We are marshalled right, down farmer's tracks that turn at perpendicular corners, skirting fields as we make our way back towards the river. I am concerned to keep the guys ahead in sight as I slowed to a near halt along this way a few years back, uncertain about an unmarked turn before the bridge. I don't even see it this year and the bridge appears without any problems. David F (HBT) is coming down the grassy path towards me having mistaken the tape marking the sharp right, and gone straight on. I can see how that happened despite the yards of tape marking the turn back onto the riverside path.

I wasn't the only one having fun.

I am now catching the non-club vest but let David resume his race between us as I know he is in better shape than myself. I try to keep pace but he quickly overtakes the runner ahead and forges on, no doubt anxious to try and regain his previous place. I forgot to ask how far he went before that awful realisation sunk in. Non-club vest (Andrew) is now just ahead and no doubt not enjoying having an old man wheezing close by his shoulder. I know the stepped bit is approaching and decide to wait till after that to try to get past. Andrew gets most of the way up the steps and moves to the side to let me past but I am unable to do this without risking a cardiac event, and wave him on. I get my breath in the next section and then just before the last bridge I cruise past cutting across the grassy stretch before the steepish hill and right turn onto the main road.

Dr Neil

I recall only feelings of weariness from previous years here, staggering through the village asking bewildered strangers which way the race goes. However this year I am feeling bouyant and turn up the volume, confident of the way. Maybe the sunshine makes the difference. Ahead a distant Carnethy vest confirms the course as do a few marshals at the crucial junctions. I even make a bold attempt to catch the red vest ahead and reduce the margin to 10 seconds, finishing with a respectable dash to the line. There are fewer runners here than I thought and I later find I have just scraped into the top ten. Better still, Stewart W has won outright leaving the first mv50 prize to fall to me! I am delighted.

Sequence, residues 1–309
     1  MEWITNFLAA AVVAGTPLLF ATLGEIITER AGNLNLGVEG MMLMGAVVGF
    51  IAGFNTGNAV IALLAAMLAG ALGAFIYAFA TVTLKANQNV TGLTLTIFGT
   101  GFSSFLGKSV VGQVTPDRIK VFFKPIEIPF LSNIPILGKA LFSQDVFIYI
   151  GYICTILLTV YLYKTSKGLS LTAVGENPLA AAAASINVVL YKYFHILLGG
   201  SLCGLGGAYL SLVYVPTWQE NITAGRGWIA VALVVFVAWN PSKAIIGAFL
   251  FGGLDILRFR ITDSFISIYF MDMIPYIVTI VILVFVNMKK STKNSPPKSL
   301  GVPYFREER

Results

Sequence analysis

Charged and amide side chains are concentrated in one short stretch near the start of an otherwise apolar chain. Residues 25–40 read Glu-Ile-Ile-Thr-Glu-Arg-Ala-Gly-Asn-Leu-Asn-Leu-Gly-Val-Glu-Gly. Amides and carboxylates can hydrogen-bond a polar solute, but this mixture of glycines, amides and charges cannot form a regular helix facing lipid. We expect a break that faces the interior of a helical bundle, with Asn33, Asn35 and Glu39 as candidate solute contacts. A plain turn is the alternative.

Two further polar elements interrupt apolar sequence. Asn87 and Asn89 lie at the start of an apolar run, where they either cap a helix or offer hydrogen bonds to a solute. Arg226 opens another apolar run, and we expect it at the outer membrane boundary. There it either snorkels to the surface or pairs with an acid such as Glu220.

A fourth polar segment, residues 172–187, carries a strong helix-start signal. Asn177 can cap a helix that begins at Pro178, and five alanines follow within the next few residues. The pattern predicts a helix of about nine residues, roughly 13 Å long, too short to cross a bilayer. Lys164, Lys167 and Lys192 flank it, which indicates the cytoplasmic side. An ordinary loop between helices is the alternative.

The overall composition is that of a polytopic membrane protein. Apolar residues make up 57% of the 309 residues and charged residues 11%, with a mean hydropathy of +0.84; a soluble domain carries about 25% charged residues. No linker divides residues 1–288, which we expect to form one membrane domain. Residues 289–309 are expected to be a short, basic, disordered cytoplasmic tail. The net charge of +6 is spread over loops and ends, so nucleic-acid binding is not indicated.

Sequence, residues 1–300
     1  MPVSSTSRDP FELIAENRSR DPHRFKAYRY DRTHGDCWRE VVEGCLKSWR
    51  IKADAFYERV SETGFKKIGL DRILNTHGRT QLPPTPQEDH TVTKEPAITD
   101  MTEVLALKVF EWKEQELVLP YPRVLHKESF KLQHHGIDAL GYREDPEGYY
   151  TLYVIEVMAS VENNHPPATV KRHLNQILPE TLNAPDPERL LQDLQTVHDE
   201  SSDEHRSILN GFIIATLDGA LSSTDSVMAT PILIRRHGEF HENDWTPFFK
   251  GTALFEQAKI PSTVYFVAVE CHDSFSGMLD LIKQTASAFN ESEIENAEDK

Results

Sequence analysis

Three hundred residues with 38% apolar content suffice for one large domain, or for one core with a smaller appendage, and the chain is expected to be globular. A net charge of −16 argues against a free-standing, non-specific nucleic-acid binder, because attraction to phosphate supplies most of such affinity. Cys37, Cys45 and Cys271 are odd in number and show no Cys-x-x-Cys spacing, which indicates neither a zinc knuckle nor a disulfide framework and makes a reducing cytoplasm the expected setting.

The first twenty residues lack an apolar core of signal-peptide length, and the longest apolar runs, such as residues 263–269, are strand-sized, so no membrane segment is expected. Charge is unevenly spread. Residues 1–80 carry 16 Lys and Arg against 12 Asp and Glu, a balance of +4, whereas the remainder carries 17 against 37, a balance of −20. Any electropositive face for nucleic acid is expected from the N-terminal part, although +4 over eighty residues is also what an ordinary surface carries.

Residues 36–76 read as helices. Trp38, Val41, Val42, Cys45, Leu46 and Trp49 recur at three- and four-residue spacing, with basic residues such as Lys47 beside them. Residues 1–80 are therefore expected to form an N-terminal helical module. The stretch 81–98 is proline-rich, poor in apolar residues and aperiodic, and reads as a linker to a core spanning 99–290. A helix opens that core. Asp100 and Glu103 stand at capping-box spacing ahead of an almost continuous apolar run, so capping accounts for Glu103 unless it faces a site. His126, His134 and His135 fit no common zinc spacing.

Mary and Willie were last spotted at the river crossing a mile or more from the end, so I don't expect them back in a hurry. They are further delayed by a young lad in his second race who overcooked the first half and was suffering heat exhaustion and collapsed just along the river from them. Various runners stopped to assist, including (Dr.) Neil Jones so by the time Mary got to the scene, there was little to be done other than wait for the medic to assist the guy back to the finish.

There goes the pledge.

Meanwhile I was at the finish chatting away to the Dunbar folk just as Anne Hay bought a round of ice creams from the travelling Luca's vans. RESULT! Big thanks Anne, who also won her age group. Great to see everyone out at the festival – the weather being so much kinder than the last time I ran this race in torrential rain with the festival suffering a complete wash out. A brilliant day out – many thanks to the organisers, the marshals and route setters, and to Willie, Mary, Bob and Lesley coming out, cheering and taking photos. It really does not get any better than this.

Bob's photos here
Mary's blog and more photos here
Results here
Stuart's blog here


  1. Great race report Peter, a lot different to your beach running blogs!, As a non runner i read the pain involved, similar to when i once raced MTBs.
    My big bro Scot Mathieson won the Traprain race one year, around mid 1980s? sure someone who reads on here will know the year!

  2. Now here's a funny thing Peter and Bruce! My wife was googling for photos of me on t'internet when your blogpost photo turned up. Why, thought I? Then I found Bruce's comment. Yes indeed, I did win the the Traprain Law race on June 12th(?) 1987. It was a week after my Marine Biology final exams and all I had done for about 3 months was study and train, including a LOT of track work at Meadowbank under the coaching of Malcolm Brown who let me train with his Edinburgh Uni track guys. My time was 41.28 which was, I think, the slowest time on the trophy at that point. Maybe still is. I beat Joe Forte ( for the first time - a notable scalp!) for 20 seconds, particularly as he fell iheadlong in the River Tyne at the crossing while trying to catch me! That win scored me a sports scholarship from East Lothian Council that got me free access to Meadowbank and to all the East Lothian sports facilities, which was brilliant! Ah, the glory days!

  3. Nice one Scot! You could always follow your bro's example and (re)start running again!